Halves Presentation

Week 7 Updates
  • halves presentation
  • wrapping prototype 2

Jump to around 1:09:40 for our presentation

This week, we had our Halves Presentation. Overall, it went really well and we got a ton of great feedback. It was an evocative week, as we were proud of all the work we had put into compartmentalizing, sharing, and communicating all of our learnings and progress into a 15 minute slide deck. Come Thursday [10/14], the day after Halves, we were exhausted so we took a day off to celebrate our Halves success, and regroup on Friday to discuss feedback, chart out our plan for the remainder of the semester, and do some final playtesting on our second prototype.

Our main goals for Halves were to share our discoveries and share how we are growing with each prototype. We are a discovery project, so we emphasized how our goal is to explore the crossroads between VR and music theory, and identify what works and what doesn’t, chart our findings, and hopefully teams in the future building products in this domain (or beyond), can use our work as a valuable reference point. 

Big Takeaways from Halves
  • What is our target audience learning from our prototypes?
  • How are the prototypes conveying musical curiosity?
  • More clarity on deliverable.
  • Build experiences beyond being a toy. 
  • More specificity with what the prototypes are testing.
Second Prototype Wrap

We ended the week by doing some playtesting with naïve guests who fit our target audience. See below our findings:

  • Too many steps to make a progression. Guests must first listen and hear the correct chord for the correct pipe, then pull back, then lock in, then wait, before their chord is actually registered into the pipe. They have to do this three more times, meaning that the focus is on locking in an individual chord rather than a chord progression.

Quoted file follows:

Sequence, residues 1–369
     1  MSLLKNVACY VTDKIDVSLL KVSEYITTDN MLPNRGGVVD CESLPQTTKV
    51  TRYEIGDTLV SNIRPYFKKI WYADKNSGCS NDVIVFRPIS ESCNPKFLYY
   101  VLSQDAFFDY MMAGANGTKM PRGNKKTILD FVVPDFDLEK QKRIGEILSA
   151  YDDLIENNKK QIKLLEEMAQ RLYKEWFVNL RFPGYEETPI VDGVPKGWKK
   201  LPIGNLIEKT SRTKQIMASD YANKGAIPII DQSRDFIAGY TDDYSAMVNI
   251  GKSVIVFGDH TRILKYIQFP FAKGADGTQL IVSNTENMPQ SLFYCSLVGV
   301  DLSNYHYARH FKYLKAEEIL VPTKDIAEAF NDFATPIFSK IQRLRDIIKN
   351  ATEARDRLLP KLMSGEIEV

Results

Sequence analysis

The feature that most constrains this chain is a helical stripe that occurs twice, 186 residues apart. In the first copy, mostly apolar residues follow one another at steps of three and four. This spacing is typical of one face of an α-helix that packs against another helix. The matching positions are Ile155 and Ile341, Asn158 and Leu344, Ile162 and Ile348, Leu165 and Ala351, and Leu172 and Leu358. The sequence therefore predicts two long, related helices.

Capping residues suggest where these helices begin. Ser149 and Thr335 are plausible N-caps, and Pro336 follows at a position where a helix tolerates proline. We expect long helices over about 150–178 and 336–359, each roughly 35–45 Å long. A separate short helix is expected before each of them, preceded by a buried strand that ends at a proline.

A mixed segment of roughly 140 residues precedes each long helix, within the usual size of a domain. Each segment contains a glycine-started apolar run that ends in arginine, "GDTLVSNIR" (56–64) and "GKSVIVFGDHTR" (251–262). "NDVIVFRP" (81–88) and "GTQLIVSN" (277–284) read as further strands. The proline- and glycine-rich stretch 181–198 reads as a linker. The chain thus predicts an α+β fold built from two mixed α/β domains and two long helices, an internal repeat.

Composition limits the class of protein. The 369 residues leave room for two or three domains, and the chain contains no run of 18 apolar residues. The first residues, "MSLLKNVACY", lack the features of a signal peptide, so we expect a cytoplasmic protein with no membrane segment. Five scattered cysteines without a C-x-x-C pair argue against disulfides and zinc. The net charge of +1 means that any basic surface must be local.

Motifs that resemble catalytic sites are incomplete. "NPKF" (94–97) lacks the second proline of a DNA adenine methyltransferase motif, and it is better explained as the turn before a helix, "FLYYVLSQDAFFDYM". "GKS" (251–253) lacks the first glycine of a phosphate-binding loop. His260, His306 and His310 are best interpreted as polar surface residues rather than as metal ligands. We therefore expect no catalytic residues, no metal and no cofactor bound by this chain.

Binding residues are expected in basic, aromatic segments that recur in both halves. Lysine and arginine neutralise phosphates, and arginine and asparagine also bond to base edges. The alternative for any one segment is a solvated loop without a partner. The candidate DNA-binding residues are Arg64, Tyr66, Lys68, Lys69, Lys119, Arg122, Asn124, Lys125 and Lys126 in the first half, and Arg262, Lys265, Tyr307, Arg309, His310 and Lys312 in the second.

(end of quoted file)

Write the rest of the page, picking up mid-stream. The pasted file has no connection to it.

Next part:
• Having real-time hover feedback made it difficult to understand the relationship between particular chords. When moving from one chord to the next, the guest would hear all of the chords in between. This made it difficult for them to truly hear the relationship between two chords. 
  • The complex gameplay mechanic distracted from actually focusing on the music. 
  • Even though all chords were root triads, guests would confuse two chords who shared two notes. For instance, they assumed that a G Major was an E minor and that an F Major was an A minor. 
  • Because there was only one stage, meaning one progression, it was difficult for guests to understand and learn about atmosphere. We learned from one playtester that having a comparison stage helps them better understand. For instance our first progression/stage was happy and focused on major. Having a second progression/stage that was more sad and focused on minor, would have helped exhibit key differences between the two progressions.

Overall, we hypothesized that the prototype would be successful because it has strong harmony between interaction, environment, and music. The accordion was connected to the environment, and therefore so was the music. However, there were too many abstract parts that distracted from the focus of the experience – conveying how chord progressions can convey atmosphere. But, the prototype was extremely valuable because we have a better understanding of how our target demographic engages with chord progressions in VR, and how we need to simplify our mechanism in order to best illustrate key concepts. 

After a long but rewarding week, we are excited to continue growing, developing, and building in this space. Next week, we will begin working on our third prototype.

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